Why do some matrimonial relationships seem blessed and others not?
In general, there are two types of marriages – those that work and those that don’t. For now, we’ll assume, for obvious reasons, that the working marriages are made in heaven. So their diametrically opposites, the marriages that don’t work, we will assume, are made in hell.
A marriage made in heaven
Hypothetically, what would be the outcome of a divinely sanctioned marriage? We can agree that, even if we don’t ask for miracles, there still has to be a seeking of some ideal. Let’s say, a match made in heaven should be a constantly and consistently uplifting and joyous experience for both parties.
What would be the hallmark of such a romantic union? Philosophically speaking, equality among the two partners – an intellectual, emotional, physical and spiritual equality that forms the highest form of individual compatibility—a perfect match. That is, at a broad level, their fundamental motives and inspirations in life should be more or less identical.
At a more tangible level, a celestially blessed marriage should have relationship-affirming qualities in both partners, such as respect, admiration, pride, passion, empathy, intimacy, integrity, truthfulness, loyalty, understanding, shared goals, sexual desire, and the means to support the marriage. I do not mention love, only because, excluding money, the sum total of the qualities mentioned in the previous line is romantic love in its highest form.
Related reading: The romantic side of Ram and Sita’s relationship
When we look at marriages this way, we’ll realise that there are very few, if at all, that fit the ‘made in heaven’ tag. The truth is, marriages, even those that start off on the loftiest of premises, tend to come undone in parts, on certain occasions, over certain events, in moments of human weakness. They tend to fall apart now and then. Since human beings have the potential to evolve or devolve with time, the balance – the harmonious co-existence between the partners – favours one or the other at different times. What happens then?
The difference between heaven and hell
Compromise – the give and take between people to reach a mutually satisfactory solution in any situation – takes place. In the interest of their relationship, the couple work together to find a common ground that allows a win-win outcome. They deal with the conflict working within the framework of the very qualities I mentioned earlier that make their relationship a happy one. Compromise is the key that keeps open the door to the ‘forever’ both parties desire. If such is the case with working marriages, what is the defining attribute of those that don’t work? What does the proverbial hell bring along?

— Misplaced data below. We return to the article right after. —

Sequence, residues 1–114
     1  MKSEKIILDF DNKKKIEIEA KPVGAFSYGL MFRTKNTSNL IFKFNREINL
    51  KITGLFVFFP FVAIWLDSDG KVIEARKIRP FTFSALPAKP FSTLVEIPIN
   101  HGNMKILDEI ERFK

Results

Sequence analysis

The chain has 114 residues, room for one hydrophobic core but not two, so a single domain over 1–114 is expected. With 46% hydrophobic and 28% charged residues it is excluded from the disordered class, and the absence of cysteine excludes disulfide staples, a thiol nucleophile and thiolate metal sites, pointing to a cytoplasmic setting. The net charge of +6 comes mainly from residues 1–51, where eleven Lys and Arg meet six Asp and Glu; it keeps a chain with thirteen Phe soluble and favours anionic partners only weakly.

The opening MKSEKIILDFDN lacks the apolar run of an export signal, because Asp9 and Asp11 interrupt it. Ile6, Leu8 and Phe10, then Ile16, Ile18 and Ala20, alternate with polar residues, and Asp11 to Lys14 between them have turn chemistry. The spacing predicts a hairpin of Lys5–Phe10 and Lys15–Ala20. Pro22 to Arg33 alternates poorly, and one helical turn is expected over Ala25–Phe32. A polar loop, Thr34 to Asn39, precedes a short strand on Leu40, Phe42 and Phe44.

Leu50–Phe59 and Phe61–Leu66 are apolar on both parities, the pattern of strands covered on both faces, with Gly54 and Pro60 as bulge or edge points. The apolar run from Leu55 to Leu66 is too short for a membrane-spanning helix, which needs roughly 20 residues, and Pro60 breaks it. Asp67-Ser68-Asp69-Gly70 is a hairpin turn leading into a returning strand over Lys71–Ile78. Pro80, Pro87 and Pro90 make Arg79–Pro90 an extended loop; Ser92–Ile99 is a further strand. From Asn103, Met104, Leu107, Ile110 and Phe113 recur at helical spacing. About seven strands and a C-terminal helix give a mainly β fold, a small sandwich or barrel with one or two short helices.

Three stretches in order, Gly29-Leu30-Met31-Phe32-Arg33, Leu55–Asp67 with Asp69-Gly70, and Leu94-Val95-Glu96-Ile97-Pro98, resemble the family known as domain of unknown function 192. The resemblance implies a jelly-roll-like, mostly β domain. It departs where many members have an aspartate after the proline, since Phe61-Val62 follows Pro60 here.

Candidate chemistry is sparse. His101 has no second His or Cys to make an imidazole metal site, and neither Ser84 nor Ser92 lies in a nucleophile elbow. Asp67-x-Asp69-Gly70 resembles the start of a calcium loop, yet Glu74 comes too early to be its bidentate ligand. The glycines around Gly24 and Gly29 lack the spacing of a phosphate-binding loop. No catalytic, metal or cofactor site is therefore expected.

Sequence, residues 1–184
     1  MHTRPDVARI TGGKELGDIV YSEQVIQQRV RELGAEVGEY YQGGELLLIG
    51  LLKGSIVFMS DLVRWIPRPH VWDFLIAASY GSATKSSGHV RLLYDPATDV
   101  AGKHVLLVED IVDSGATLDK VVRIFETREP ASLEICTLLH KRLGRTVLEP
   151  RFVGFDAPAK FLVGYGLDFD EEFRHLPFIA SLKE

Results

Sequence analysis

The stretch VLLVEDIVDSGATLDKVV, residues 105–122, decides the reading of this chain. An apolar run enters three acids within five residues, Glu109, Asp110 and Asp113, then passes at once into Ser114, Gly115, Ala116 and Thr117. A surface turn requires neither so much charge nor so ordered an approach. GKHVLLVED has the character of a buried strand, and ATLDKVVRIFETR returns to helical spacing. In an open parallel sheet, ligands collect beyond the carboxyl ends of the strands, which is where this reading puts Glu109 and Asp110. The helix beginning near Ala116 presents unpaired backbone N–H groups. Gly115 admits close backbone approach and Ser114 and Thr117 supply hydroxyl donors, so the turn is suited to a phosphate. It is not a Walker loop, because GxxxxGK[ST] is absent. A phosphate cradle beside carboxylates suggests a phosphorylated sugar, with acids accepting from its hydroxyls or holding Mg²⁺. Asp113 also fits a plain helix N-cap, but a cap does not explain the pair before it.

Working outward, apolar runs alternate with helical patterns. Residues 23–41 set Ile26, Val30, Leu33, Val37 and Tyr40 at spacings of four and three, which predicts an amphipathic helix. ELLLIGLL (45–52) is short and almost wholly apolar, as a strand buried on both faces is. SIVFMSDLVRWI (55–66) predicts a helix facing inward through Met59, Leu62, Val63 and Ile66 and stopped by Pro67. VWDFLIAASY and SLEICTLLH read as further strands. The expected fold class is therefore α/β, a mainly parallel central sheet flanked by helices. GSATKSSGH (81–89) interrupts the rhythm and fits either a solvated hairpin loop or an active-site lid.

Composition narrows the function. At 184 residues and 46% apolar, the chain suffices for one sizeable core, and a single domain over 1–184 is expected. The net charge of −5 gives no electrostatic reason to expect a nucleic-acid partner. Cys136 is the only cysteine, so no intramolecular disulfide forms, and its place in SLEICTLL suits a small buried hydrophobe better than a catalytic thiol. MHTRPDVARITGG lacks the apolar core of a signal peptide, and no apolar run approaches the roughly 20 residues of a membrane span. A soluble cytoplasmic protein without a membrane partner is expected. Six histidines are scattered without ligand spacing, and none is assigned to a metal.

Sacrifice – the giving up of or surrendering something of value to oneself for something else (usually a lesser value), often resulting in the great pain of loss. The operative phrase being ‘the great pain of loss’. For a parent can sacrifice their sleep to watch over their newborn and feel happy and fulfilled about it. That is not the sacrifice we speak of.
A sacrifice that results in ‘the great pain of loss’ is a wife who gets beaten up every night by her drunk husband but still has to stay in the marriage because her parents refuse the idea of a divorce is sacrificing her happiness, well being and life to maintain a partnership which doesn’t value her. A woman who is passionate and brilliant at academics but is refused education by her husband because “a Khandani Bahu” does not do that is sacrificing her individuality, her dreams and her ambition to maintain a partnership which doesn’t value her.
The examples are all around us. We have seen sacrifice no doubt. Maybe even experienced it.
Related reading: 7 forgotten lessons on love from the greatest Hindu epic Mahabharata
Both compromise and sacrifice
Marriages that are open to compromises are defined by respect for one another. Marriages based on sacrifices, by disrespect. When a marriage is defined by more compromises than sacrifices, we have a relatively happy and satisfied couple. When there are more sacrifices than compromises, we have a sad and despairing partnership.
Marriages based only on compromises are rare. So are marriages based only on sacrifices. Most marriages fall somewhere in between – instances of compromises punctuated by demands for sacrifices. The reason why, on occasion, such relationships leave those involved with a vague sense of puzzlement, an inability to fully integrate all aspects of their marriage with one coherent, continuous thread. These connubial partnerships, with their moments of rights and wrongs, passion and struggles, love and anguish –like much that is human – are born to Earth. And that is the beauty and promise they hold – of being open to human ability and endeavour for continuous improvement. So, whether heaven does or does not, every individual has the power to bless their own Earth-born marriage. Good luck.